Friday, October 12, 2012
Voters will determine allocations of Capital Bond propositions in November election
The $600 million Capital Bond propositions are focused on three major areas: street resurfacing and development, economic development, flood protection and erosion control.
DALLAS In the month of August, the Dallas City Council voted to approve the recommendations of the current 2012 Capital Bond proposal, which now gives citizens the task of casting their votes for the propositions in November. Described as "no frills and thrills" proposal, this bond campaign seeks to take care of the city’s basic needs.
The $600 million Capital Bond propositions are focused on three major areas: street resurfacing and development, economic development, flood protection and erosion control. The fulfillment of the bond components is said to ensure public safety and to improve areas as an aid to the acquisition of more economic development dollars. While these areas have all been identified as critical needs, the funds are not equally allocated.
Street maintenance is the focus of the first proposition. It allows a total of $221,200 million to be assigned to projects that include street completion, the construction of sidewalks, alleys, and trails, and the repair of bridges and street lighting. The West Dallas Gateway, Houston Street Bridge, and all city sidewalks received the strongest focus with project funds, totaling $45 million with another $34.8 million strictly dedicated to street reconstruction and resurfacing. The goal of the streets proposition is to get all districts to an 87 percentage satisfactory rating as mandated by a council directive with no area under 80 percentage. It also furthers the city’s goal of encouraging multi-modal transportation throughout the city.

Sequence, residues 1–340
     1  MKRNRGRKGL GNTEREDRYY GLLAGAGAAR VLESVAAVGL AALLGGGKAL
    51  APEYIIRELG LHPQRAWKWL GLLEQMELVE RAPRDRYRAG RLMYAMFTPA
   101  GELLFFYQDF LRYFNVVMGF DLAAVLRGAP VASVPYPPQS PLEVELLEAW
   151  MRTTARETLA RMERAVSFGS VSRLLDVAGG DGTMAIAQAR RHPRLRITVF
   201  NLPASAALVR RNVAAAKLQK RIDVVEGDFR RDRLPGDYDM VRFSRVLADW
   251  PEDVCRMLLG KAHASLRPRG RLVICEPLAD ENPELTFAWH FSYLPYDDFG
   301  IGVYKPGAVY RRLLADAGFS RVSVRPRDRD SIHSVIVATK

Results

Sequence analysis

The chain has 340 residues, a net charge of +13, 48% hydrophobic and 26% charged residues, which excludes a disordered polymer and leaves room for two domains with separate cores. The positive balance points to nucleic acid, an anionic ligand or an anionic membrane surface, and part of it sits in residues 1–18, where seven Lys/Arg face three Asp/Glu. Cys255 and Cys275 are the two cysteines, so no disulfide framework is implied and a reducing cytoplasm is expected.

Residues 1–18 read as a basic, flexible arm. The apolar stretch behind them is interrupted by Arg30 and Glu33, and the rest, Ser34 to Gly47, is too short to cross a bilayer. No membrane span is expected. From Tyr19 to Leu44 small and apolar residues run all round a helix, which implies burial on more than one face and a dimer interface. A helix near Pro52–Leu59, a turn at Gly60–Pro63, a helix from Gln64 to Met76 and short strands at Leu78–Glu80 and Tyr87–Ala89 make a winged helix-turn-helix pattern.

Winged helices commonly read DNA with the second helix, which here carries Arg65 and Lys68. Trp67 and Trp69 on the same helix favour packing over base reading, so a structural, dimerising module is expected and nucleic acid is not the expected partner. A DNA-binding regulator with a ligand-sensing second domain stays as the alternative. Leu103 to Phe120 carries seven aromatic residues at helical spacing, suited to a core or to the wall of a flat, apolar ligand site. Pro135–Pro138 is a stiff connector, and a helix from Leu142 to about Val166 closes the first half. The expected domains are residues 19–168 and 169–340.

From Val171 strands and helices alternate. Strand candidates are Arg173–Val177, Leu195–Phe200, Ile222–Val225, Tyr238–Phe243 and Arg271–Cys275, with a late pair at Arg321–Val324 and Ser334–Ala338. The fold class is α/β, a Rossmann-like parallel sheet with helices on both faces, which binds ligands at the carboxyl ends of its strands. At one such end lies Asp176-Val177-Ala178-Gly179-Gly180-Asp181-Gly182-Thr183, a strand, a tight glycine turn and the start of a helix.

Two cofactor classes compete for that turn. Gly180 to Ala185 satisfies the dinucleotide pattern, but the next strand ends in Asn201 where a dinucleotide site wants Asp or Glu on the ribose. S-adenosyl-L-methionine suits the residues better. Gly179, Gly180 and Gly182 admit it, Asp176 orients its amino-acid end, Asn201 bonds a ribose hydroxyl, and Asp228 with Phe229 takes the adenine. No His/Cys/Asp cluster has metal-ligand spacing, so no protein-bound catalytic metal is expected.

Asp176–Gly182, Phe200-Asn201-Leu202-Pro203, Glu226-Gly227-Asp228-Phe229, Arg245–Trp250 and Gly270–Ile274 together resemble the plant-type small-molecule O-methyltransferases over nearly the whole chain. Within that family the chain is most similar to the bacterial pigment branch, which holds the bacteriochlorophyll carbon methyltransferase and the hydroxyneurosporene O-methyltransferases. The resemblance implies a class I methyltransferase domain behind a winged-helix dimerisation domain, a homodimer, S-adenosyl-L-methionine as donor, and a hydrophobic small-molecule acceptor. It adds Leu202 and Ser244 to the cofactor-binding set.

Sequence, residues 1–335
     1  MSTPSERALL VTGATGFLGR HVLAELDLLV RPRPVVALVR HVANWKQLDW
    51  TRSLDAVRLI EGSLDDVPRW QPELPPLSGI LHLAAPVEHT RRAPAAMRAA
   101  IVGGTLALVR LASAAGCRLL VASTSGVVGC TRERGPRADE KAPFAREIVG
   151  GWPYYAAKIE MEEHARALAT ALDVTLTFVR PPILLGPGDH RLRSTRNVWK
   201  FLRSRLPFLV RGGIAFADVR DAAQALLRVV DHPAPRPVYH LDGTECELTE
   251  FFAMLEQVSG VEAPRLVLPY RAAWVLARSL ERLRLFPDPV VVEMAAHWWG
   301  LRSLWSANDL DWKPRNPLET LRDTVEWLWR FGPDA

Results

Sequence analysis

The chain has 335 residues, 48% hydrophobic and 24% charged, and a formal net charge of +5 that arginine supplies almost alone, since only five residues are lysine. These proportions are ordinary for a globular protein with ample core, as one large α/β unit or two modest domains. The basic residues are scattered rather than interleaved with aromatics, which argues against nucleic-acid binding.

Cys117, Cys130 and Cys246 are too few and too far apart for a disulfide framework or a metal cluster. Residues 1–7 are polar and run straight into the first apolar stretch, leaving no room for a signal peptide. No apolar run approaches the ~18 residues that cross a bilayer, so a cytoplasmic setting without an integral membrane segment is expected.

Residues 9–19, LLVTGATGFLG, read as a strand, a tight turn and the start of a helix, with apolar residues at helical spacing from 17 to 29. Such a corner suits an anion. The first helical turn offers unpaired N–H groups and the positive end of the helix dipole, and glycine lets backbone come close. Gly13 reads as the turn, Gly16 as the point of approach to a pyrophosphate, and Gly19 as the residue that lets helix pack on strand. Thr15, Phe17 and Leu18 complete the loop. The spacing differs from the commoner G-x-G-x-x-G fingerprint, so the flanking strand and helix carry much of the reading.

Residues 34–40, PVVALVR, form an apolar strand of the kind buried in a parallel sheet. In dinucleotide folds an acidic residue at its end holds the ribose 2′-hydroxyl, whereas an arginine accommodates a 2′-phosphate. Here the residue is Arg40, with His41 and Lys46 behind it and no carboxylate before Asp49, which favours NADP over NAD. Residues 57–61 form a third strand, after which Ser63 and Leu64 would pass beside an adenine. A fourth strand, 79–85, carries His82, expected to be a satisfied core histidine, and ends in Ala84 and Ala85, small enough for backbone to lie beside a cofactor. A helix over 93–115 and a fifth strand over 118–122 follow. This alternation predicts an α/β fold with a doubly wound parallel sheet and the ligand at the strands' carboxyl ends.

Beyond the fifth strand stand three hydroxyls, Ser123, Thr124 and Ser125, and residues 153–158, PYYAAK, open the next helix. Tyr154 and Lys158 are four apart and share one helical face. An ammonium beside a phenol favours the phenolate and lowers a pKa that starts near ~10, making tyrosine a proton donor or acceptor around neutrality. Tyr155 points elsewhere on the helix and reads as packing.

Flooding and flood control has the highest bond dollar priority, at $323,800 million. This is slated to protect the lives of the citizens and their property. Thus, it makes allowances for the repairs of known neighborhood flood plains in the city, selective upgrades to the city’s storm drainage systems, and the re-building of creek, culverts and bridge areas degraded by erosion. The areas around Mill Creek, Peak Branch, and State Thomas are allocated a joint total of $218,600 million – the highest amount designated for this proposition.
The last proposition is succinctly referred to as Economic and Business Development and tagged with the remaining $55,000 million and is related to the furtherance of the transit-oriented development, land acquisition and improvement of streets, utility, and infrastructure needs in the Southern sector of Dallas. Specific areas identified are the economic and housing-driven projects, the UNT-transit-oriented development, and Canyon Boulevard. It’s complementary focus is to aid the quest to the grow the area tax base contribution as previously detailed in the mayor’s growth plan – Grow South - launched in March 2012.
Prior to making the initial recommendations for the projects of the bond, the city management updated the needs assessment survey by reviewing the previous bond packages of 1998, 2003, and 2006. From this assessment of the completed, outstanding, canceled, and projects-in-progress at the close of 2011, the estimated amount of $600 million dollars of the bond proposal was identified.